We went for one last swim in the river the night before school started. The kids ran into the water at top speed, tripping over their own feet and falling into clumsy dives, splashing for all they were worth.
They did underwater headstands and skipped stones (which ended up being more like plunking them out into the middle of the river). They competed in swimming races and built wonders out of wet sand.
I stood, waist deep, watching all they were doing. I felt like Mary, pondering and collecting in my heart that which these children of mine do.
“Mom! Watch this!”
“Did you see that?”
“Look what I found!”
I watched, I saw, I looked. And I told myself over and over, “Remember this, remember this, remember this”.
Remember the hike through the woods where we found the baby snakes and the bright green frog. And even remember the bee stings and the hugs and kisses that followed.
Remember the trip to Wisconsin where we ate lunch overlooking the polar bears and the way your girl’s eyes grew round at the opportunity. Remember the museums and the walks and the gardens. And remember how the boys still hold your hand because they want to be near.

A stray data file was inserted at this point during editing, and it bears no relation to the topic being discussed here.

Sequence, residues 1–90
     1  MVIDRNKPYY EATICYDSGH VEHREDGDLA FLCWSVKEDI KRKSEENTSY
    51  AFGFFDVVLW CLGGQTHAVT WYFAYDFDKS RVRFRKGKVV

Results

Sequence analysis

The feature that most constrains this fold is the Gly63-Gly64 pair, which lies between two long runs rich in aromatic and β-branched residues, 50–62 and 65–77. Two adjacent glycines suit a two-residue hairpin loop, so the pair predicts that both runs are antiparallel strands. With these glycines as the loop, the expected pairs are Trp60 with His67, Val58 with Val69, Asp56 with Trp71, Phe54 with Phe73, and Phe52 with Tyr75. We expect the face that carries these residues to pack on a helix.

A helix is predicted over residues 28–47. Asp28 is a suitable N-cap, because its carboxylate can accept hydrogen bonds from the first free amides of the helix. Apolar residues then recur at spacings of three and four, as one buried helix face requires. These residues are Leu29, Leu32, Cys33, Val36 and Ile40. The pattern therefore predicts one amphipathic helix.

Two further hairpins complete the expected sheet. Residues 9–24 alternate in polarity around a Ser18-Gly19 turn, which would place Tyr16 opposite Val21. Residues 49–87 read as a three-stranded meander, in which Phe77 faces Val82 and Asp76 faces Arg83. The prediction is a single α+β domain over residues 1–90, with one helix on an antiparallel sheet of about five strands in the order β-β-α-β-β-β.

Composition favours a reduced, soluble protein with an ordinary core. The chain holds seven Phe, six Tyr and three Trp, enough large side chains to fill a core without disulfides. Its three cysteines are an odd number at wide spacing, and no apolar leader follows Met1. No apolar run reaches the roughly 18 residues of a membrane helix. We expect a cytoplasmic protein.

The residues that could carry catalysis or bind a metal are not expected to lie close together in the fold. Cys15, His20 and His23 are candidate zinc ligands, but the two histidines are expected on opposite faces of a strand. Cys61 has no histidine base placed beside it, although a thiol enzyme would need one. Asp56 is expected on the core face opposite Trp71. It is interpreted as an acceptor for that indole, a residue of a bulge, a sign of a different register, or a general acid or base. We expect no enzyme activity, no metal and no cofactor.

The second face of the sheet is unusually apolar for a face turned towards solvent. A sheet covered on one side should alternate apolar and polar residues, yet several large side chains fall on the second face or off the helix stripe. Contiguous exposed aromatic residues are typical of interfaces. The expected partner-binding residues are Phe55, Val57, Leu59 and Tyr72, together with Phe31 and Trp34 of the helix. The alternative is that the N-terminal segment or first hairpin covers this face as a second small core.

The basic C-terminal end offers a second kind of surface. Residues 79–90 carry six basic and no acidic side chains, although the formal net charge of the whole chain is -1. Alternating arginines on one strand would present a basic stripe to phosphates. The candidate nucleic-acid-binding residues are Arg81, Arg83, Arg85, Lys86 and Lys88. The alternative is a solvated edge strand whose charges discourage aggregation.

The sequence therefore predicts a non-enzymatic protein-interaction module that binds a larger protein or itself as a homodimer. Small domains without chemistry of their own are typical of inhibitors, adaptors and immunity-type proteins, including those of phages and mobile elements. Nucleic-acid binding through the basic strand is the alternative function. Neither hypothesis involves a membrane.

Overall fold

Remember the books read together. New ones and classics. Remember the talks you had after reading, the lessons you all learned together about what it means to be human and family and friends.
Remember this. Remember this. Remember this.
And don’t forget the sweetness of being told you’re loved by a sincere eight year old. Remember the way you marvel at your (nearly) ten year old’s courage. Soak into your memory the way your children speak of Jesus with such assurance and confidence.
And commit to memory how really, really good life can be even in the noise of our culture and the tugging at our attention. Even in tragedy and pain, an edge of beauty often contrasts with the darkness. Sometimes that lovely edge is made of the memories of long snuggles and shared giggles.